A Look at parole Chairman and How the system works- a 2008 nespaper article

A Look at the parole Chairman and how parole works.

Q. How many prisoners are elligible now to be paroled?
A 4,812. They were sentenced Before Truth In sentencing came about and were elligible for parole after serving 25% of their time if they proved they were ready. They are called "old Law Prisoners and a majority of those are being denied due process and kept illegal in prison.

Q Why Should this Concern you?
A Waste of many, Waste of lives.
B We need to release who have change their lives. Most of these old law prisoners were wild in their youth and are now 40 -60. They have changed their thinking around and could be valuable additions to our communities. Instead, we are spending 20 plus thousands a year PER prisoner to jam our prisons full od people who do not need to be there.

Here is a recent article from the Milwaukee Journal about the then new parole Chairman.

Doyle's parole chief defends tough tack on releases
By Jason Shepard

Last summer, just after Gov. Jim Doyle appointed Alfonso Graham as chair­man of the state's Parole Commission, Frank Van den Bosch started hearing from disheartened inmates in Wisconsin's prisons. The inmates were slated to be paroled only to have Graham revoke their releases. \

"There is great frustration throughout the prison system about Al Graham's reversals," says Van den Bosch, a prisoners-rights advo­cate who runs the Prisoner Action Coalition from his home in Montfort, west of Dodgeville. "A lot of these guys are giving up hope that they have any real chance at parole, and families are becoming more and more angry at the system."
Inmate Aaron Greer write that a commissioner determined last summer that he deserved release, 16 years after he was con­victed of first-degree sexual assault and bur­glary. Greer says he spent years in prison rehabilitation programs, and his family pre­pared a detailed plan to support his reintegration into society Yet Graham, he asserts, overruled his release "without any reasons behind his decision whatsoever."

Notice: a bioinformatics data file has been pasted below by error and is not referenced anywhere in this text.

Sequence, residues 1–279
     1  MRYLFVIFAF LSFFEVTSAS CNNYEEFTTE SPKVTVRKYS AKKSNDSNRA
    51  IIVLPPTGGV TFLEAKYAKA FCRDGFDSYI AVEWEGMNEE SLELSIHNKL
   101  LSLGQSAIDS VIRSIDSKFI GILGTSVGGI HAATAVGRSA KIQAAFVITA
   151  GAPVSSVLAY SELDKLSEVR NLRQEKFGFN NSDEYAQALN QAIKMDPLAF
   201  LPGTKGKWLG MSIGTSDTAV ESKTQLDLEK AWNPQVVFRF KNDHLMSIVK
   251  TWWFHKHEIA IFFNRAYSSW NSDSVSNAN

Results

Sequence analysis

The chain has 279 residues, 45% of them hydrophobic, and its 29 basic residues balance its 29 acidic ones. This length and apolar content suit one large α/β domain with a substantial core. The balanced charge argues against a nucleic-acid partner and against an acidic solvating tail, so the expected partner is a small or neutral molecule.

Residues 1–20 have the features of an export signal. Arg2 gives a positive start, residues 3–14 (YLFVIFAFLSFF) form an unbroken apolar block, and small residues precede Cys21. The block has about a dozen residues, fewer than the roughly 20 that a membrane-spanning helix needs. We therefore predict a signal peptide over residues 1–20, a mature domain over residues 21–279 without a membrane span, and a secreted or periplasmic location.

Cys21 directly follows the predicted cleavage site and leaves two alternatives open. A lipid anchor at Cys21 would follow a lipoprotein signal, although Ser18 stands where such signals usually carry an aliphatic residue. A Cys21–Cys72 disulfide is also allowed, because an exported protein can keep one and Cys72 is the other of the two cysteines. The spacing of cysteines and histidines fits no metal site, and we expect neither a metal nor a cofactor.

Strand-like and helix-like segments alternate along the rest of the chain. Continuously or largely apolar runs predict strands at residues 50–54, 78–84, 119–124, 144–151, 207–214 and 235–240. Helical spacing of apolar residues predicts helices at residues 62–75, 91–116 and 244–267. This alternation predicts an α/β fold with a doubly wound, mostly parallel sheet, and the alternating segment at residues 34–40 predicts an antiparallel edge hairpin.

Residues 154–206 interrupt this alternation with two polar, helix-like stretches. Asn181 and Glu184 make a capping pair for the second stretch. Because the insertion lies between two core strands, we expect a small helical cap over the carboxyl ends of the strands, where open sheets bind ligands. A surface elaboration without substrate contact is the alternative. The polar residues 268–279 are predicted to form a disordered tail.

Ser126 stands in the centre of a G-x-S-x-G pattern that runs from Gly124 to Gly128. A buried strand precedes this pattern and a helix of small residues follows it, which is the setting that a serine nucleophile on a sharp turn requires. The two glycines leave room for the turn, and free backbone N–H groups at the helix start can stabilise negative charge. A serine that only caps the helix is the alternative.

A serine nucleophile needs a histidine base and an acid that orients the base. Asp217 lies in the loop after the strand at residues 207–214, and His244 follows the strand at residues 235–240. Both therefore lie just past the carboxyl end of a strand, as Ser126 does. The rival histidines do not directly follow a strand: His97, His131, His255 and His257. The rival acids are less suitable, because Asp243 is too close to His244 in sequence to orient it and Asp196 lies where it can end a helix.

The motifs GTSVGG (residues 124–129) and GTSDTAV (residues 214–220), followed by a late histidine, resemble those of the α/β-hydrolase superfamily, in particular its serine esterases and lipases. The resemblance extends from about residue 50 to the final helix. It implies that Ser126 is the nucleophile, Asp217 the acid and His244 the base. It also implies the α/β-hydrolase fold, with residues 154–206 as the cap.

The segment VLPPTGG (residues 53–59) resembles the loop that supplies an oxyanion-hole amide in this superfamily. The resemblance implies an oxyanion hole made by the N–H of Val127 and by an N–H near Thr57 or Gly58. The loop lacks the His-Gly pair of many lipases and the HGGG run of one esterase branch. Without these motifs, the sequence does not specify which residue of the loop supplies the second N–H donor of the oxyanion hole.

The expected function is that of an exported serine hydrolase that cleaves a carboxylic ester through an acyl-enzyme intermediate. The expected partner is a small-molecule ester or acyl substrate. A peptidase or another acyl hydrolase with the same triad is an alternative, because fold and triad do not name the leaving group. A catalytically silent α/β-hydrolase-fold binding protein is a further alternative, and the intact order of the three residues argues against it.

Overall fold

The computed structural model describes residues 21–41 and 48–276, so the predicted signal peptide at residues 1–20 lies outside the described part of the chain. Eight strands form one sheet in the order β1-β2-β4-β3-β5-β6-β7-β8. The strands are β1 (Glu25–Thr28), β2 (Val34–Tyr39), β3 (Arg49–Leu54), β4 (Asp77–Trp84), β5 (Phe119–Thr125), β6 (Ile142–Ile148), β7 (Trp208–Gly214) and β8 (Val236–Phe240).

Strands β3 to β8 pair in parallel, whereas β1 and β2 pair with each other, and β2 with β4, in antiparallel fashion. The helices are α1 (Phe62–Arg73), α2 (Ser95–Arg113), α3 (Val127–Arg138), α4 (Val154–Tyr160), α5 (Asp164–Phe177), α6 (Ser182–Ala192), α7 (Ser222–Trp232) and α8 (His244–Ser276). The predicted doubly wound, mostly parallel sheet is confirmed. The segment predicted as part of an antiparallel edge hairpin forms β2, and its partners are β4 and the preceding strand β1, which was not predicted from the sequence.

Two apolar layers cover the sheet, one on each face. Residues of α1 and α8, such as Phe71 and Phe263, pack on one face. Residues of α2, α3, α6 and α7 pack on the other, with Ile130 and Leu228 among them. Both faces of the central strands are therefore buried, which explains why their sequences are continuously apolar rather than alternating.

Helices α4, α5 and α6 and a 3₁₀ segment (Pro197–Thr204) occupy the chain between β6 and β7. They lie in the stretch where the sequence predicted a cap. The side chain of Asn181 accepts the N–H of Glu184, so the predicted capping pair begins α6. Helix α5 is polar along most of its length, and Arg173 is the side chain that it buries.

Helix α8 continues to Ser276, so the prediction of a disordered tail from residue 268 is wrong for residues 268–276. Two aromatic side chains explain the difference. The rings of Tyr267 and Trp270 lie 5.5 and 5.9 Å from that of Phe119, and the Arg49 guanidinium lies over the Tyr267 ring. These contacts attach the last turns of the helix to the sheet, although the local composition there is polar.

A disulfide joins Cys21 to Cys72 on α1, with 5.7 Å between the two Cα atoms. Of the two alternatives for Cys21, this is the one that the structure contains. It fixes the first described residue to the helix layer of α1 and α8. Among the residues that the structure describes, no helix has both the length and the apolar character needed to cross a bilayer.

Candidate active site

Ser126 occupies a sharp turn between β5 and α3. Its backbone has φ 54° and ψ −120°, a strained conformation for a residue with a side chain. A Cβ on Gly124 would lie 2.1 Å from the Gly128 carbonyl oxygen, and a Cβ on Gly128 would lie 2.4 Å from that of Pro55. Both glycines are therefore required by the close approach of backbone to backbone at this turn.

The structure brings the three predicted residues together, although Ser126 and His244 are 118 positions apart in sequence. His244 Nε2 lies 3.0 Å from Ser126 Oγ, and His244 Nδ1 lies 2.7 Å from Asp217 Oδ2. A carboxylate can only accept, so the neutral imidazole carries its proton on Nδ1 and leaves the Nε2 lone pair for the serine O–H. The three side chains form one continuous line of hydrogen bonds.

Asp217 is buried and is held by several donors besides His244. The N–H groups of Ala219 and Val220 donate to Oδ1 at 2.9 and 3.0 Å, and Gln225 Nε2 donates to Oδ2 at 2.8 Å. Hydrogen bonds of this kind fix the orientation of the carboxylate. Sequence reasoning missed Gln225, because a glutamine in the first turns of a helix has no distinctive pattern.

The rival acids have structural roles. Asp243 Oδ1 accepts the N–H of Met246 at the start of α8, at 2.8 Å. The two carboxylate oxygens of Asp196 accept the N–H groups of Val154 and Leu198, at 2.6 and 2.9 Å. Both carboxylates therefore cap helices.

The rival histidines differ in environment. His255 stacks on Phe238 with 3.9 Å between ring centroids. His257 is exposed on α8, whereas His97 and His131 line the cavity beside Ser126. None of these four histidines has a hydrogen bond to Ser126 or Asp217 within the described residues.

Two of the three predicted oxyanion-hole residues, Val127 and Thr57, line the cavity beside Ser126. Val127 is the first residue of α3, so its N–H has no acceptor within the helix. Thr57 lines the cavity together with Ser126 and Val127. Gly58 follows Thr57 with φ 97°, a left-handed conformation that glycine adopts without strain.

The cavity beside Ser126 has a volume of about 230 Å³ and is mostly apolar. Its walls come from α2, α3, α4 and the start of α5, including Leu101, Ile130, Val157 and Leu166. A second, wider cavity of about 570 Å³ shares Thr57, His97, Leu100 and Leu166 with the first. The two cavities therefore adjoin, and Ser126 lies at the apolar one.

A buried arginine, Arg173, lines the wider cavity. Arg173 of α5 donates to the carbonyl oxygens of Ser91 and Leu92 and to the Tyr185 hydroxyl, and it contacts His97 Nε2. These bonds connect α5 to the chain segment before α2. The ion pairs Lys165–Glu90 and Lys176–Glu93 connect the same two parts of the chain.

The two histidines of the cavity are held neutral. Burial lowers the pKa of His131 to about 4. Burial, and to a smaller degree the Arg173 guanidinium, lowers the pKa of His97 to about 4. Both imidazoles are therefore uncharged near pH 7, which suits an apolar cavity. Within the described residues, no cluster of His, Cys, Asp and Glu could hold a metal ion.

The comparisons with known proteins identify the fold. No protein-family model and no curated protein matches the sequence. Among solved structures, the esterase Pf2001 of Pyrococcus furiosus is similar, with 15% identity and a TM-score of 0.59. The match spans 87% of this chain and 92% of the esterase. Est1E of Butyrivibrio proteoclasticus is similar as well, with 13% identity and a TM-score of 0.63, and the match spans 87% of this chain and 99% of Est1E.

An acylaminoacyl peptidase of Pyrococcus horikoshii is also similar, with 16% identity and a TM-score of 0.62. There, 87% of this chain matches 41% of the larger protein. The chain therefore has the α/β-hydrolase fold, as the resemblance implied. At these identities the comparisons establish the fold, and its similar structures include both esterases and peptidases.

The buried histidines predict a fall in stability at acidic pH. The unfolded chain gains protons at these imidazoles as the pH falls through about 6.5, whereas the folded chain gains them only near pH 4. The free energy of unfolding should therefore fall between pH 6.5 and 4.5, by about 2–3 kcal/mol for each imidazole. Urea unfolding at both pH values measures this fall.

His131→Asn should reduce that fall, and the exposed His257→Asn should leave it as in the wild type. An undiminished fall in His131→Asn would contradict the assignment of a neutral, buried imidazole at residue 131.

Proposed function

DeMara Cumby, now serving a 28-year sen­tence for armed robbery, writes that he was slated to be released last August after a com­missioner recommended his parole. But one day after returning from a work-release pro­gram, Cumby says he was locked up, trans­ferred, and told Graham had revoked his parole grant and instead ordered him to serve another two years before being reconsidered.

"I haven't had any infractions," Cumby writes. "On the contrary. I've shown positive adjustment over many years, which is sup­posed to be the determining factor when con­sidering parole. I do not think it is the chair­man's position to set an individual backwards unless warranted."
Letters from other inmates, sent to Van den Bosch and Isthmus over the past year, tell similar stories. Stricter laws, sterner judges and statutory changes like "truth in sentencing" have led to longer state prison sentences across all [ classes of crimes. This has spiked prison populations and driven corrections spending to nearly $1.1 billion a year, topping slate spending on its university system. An Isthmus analysis of data from the Department of Corrections confirms what Van den Bosch and state inmates are saying: The tough-on-crime mantra has also thrust itself dramatically into the parole system.